MIT scientists create 'second skin' polymer

Material could be used to treat skin conditions

Melanie Gonick/MIT

Scientists at MIT have created a novel material that could be used to temporarily tighten the skin and smooth wrinkles. The team believes the development could also be used to deliver drugs for skin conditions such as eczema and other forms of dermatitis.

The silicone-based polymer can be applied to the skin in a thin coating and is said to mimic the elastic properties of healthy, youthful skin. In tests, researchers found that it could be used to reshape the face, masking eye bags. The polymer also enhances skin hydration and the team believed that it could be adapted to provide UV protection.

Daniel Anderson, Associate Professor at MIT’s Department of Chemical Engineering, explained: “It’s an invisible layer that can provide a barrier, provide cosmetic improvement and potentially deliver a drug locally to the area that’s being treated.”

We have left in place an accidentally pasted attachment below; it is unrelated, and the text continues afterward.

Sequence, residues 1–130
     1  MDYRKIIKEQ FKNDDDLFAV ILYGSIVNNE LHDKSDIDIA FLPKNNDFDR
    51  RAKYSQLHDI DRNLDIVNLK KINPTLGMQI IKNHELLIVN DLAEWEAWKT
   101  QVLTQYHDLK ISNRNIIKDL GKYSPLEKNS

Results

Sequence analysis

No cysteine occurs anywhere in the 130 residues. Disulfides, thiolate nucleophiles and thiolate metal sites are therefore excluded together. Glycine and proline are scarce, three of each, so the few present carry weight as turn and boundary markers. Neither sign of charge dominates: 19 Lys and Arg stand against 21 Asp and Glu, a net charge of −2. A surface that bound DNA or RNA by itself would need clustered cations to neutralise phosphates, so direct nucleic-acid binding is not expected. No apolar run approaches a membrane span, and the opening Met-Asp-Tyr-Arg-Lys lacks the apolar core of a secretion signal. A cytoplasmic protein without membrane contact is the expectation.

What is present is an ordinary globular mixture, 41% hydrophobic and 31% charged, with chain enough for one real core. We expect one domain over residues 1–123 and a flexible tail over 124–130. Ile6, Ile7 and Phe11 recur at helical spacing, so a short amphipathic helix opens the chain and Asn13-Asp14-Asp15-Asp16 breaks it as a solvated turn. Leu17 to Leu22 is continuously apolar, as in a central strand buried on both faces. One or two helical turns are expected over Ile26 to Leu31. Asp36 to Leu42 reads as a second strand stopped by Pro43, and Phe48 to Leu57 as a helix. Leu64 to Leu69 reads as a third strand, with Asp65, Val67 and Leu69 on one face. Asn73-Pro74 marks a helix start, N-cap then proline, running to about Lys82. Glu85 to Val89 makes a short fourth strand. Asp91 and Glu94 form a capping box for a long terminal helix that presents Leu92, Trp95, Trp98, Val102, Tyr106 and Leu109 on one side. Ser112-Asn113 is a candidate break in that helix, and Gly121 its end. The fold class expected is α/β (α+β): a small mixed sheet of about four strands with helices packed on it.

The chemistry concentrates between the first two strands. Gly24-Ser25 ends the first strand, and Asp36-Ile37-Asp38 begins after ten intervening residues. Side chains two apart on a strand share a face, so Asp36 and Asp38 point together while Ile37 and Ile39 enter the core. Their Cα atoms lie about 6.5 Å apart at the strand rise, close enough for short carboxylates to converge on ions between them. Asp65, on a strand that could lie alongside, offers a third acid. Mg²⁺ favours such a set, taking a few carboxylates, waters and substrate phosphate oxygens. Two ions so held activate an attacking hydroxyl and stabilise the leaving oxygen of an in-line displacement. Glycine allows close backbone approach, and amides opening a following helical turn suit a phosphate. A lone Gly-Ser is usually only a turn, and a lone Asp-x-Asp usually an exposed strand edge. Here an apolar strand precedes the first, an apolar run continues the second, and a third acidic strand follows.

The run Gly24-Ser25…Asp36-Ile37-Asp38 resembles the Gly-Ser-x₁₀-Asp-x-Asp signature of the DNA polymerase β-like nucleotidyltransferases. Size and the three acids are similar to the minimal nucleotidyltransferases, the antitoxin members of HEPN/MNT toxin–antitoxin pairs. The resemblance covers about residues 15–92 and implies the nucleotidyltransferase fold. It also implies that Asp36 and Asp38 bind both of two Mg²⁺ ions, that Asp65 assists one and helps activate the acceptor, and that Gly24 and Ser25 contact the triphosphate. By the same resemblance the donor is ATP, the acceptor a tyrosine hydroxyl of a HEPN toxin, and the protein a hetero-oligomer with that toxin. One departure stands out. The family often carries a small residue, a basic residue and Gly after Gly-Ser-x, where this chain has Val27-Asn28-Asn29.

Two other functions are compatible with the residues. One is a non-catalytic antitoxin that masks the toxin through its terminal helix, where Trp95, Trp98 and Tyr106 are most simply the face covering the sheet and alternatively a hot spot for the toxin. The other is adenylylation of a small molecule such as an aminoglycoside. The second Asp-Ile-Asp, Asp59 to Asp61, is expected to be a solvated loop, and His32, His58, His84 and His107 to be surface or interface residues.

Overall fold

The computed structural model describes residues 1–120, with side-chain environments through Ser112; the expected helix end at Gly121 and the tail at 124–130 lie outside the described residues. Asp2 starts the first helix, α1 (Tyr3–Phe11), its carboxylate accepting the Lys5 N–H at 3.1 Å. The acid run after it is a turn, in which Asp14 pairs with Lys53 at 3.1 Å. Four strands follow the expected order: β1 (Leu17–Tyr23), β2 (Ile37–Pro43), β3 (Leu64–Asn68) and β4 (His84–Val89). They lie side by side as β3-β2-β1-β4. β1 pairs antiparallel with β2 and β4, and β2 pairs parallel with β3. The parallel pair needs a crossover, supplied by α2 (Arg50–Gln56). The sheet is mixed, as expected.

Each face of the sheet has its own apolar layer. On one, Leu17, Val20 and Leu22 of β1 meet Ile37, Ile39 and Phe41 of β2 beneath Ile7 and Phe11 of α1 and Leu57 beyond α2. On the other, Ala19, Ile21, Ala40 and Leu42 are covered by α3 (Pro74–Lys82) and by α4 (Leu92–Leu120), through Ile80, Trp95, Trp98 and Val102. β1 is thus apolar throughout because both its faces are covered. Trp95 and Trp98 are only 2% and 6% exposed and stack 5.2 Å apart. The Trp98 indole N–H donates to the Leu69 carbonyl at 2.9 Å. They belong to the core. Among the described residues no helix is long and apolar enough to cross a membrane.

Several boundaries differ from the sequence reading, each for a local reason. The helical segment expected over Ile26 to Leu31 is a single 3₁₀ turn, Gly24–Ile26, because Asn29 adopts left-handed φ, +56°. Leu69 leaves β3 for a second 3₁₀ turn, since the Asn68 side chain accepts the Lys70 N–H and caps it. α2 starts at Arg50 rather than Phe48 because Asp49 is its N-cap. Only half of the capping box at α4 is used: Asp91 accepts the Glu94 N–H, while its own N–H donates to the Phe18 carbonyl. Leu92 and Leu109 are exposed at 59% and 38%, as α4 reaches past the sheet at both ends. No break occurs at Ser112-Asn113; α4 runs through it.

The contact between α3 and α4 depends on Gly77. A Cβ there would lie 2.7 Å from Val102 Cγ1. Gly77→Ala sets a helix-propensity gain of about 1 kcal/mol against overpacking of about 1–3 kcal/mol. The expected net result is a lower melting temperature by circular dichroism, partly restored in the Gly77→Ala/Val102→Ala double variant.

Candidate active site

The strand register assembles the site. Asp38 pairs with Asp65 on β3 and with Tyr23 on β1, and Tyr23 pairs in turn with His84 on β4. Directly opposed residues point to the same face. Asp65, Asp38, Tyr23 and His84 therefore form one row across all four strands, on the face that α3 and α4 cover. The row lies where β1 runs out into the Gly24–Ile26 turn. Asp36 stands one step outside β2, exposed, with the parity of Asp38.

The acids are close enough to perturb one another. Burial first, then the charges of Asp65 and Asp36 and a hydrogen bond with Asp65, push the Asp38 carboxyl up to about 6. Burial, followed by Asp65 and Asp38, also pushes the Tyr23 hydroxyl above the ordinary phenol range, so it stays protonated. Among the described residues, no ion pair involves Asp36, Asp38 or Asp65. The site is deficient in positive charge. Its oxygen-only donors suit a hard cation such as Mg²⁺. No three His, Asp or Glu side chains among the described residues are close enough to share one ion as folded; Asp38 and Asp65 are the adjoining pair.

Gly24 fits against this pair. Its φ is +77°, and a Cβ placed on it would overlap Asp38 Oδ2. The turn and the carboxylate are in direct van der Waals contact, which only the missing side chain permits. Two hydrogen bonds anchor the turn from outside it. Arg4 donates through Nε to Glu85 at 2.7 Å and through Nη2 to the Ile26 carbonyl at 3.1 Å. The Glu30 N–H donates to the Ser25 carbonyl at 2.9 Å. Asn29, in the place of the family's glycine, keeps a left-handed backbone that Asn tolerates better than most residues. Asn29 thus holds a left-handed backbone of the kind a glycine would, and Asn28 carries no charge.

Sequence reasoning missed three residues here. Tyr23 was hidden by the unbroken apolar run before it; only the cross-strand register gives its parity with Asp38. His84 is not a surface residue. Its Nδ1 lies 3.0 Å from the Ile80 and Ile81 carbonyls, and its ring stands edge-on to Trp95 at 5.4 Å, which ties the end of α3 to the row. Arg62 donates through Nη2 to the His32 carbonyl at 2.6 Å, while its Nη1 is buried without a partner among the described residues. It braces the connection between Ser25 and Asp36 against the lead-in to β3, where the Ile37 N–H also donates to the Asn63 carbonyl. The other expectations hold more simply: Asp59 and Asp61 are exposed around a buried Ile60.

The research involved creating a library of more than 100 possible materials, all containing siloxane – a chain of alternating silicon and oxygen – to find the best match.

Barbara Gilchrest, an author on the paper, published in Nature, said: “Creating a material that behaves like skin is very difficult. Many people have tried to do this, and the materials that have been available up until this have not had the properties of being flexible, comfortable, non-irritating and able to conform to the movement of the skin and return to its original shape.”

The technology has been passed on to start-up company Olivo Laboratories, which will focus on its development. The team will initially focus on medical applications for the polymer in treating skin conditions.

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